Theodore began hearing customers say they didn’t want to support Papa John’s -- or rather, they didn’t want to support Papa John Schnatter. During a teacher appreciation day, one teacher refused her free slice on moral grounds. “Most people don’t even know that we own our stores,” says Theodore. “We never felt like we had to tell them before.” When people started asking why they didn’t leave the company and its controversial founder, Theodore replied: “John Schnatter does not represent me. I represent myself. I’m a franchisee, and this is my store.”
Schnatter, for his part, maintains that his intended use of the N-word was to point out that another company, one that his agency wanted him to partner with, had used that word in the past. A power struggle ensued within Papa John’s, and Schnatter was evicted from the office. He launched a website to share his side of the story and filed two lawsuits, both of which have since been dropped. While Schnatter still owns about 20 percent of the company, he now has nothing to do with the daily operations, say company reps. And he’s been rapidly selling off his shares.
In 2018, during the corporate battle, 186 franchise stores shut down. One of those belonged to Kenyatta and Herb. “It really affected us tremendously,” Theodore says. “We went from one of the highest-ranked stores to the bottom.”
Papa John’s installed a new CEO to solve the problem. He was Steve Ritchie, a 23-year veteran of the company. And nervous franchisees wanted to see action -- fast.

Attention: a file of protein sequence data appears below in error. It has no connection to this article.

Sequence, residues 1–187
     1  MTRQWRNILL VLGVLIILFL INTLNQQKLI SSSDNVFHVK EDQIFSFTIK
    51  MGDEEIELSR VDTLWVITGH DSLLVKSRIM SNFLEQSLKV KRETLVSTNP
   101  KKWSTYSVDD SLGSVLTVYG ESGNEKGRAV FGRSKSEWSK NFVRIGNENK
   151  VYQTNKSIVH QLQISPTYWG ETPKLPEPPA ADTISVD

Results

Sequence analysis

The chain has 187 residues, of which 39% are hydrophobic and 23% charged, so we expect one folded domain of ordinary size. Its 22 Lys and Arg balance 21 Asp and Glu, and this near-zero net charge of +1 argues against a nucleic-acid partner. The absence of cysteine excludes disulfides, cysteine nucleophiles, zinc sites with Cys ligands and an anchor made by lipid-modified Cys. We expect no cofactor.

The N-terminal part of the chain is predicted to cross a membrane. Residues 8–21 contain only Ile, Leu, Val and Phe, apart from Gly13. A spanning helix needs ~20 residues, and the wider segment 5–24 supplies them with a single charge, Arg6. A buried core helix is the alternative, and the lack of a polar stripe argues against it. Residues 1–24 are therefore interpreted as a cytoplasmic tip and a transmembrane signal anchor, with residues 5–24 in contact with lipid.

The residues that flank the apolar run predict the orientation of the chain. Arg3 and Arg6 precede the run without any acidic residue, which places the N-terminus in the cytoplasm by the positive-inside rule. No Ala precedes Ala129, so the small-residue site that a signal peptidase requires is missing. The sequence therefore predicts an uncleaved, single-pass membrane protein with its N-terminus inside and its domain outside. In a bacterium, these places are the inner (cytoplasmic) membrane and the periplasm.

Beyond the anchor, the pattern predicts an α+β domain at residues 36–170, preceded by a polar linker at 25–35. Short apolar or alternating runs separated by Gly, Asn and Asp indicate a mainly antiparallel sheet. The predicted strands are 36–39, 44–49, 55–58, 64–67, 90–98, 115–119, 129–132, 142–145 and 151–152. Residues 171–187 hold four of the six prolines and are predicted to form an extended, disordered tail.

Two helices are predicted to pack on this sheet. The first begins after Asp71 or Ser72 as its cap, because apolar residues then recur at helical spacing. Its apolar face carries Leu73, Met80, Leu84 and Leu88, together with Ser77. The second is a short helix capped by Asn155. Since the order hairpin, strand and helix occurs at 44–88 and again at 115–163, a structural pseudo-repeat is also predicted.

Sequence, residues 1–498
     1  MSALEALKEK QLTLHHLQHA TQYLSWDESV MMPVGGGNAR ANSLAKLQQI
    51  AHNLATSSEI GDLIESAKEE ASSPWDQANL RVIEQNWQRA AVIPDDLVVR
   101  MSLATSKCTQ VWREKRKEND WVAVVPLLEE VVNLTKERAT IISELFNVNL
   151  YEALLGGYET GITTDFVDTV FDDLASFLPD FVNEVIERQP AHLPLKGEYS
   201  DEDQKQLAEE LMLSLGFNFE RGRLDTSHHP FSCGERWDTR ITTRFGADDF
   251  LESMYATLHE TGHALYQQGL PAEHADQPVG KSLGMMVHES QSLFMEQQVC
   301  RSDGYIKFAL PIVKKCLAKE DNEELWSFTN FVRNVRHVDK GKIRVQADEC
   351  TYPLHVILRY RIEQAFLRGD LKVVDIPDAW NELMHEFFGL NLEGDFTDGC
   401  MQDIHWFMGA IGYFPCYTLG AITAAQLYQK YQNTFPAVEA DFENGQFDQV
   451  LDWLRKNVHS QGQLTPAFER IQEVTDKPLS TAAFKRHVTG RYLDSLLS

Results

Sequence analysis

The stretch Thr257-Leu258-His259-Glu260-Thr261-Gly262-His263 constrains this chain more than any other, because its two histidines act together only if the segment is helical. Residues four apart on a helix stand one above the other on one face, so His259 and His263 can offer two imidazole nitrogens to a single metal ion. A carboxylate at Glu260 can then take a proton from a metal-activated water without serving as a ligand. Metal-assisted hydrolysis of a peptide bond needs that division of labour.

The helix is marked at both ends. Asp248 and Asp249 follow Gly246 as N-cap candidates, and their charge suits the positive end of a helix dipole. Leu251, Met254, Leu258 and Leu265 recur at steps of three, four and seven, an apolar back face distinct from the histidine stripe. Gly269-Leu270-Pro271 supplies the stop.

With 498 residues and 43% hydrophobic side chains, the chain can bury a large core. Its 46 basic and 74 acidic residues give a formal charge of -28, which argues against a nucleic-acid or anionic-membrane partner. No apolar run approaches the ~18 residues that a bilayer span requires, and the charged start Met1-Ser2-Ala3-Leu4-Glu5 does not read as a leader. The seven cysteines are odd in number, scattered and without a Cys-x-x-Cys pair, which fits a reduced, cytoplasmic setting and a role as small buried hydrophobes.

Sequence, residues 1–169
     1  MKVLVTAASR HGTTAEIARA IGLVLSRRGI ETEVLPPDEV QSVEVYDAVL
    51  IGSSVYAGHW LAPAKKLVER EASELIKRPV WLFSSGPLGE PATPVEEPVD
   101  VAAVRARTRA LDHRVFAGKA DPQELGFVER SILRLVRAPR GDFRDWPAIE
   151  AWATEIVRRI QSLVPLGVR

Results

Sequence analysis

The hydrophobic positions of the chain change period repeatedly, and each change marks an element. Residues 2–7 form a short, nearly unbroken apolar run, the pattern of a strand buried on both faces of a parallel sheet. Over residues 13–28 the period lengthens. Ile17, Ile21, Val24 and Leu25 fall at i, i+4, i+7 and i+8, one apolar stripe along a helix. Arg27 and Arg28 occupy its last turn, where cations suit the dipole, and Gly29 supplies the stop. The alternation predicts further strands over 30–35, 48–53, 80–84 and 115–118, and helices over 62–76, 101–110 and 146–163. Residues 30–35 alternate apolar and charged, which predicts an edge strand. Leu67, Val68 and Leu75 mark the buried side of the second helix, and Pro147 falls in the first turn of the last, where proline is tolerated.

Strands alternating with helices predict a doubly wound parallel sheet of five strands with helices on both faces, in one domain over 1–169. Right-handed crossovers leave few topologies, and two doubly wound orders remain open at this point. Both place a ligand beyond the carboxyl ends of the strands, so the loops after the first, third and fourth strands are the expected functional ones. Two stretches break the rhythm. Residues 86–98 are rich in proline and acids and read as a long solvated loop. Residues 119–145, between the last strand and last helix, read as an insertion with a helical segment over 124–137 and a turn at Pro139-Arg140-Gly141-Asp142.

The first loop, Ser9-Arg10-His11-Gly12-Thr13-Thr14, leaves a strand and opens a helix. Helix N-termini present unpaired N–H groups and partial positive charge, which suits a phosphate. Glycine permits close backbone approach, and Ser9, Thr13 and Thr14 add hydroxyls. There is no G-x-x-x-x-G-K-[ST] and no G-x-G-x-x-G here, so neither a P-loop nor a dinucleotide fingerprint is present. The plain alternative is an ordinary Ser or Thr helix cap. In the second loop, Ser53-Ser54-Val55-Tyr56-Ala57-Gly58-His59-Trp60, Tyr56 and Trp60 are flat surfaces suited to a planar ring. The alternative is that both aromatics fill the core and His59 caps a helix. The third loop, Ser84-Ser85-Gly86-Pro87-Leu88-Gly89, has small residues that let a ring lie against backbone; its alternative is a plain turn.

As a spokesperson, O’Neal is a big upgrade from Schnatter, some say. “John’s really smart, and his tenacity built Papa John’s, but he’s a bit socially awkward,” says Langford, the franchisee from Alabama. “He comes across as quirky.” O’Neal, on the other hand, is as comfortable with crowds as he is with a basketball. “When he smiles, his whole face smiles,” she says. “So while I kind of miss the NFL, I’m really happy to have Shaq.”
It’s early days, of course, and even O’Neal can’t turn around a brand in a few months.
Papa John’s corporate, however, expects sales to rebound by the end of 2019. “This year is all about doing the work,” says Ritchie. “We would hope at the tail end of the year we’re starting to show some monthly positive numbers, and next year will be a time of celebration.”
But one number is already rising: Consumer sentiment is up double digits, says Ritchie. And he attributes part of that to O’Neal. “He’s very serious about the work he’s doing here,” the CEO says, “but at the same time, we need a little bit of fun.”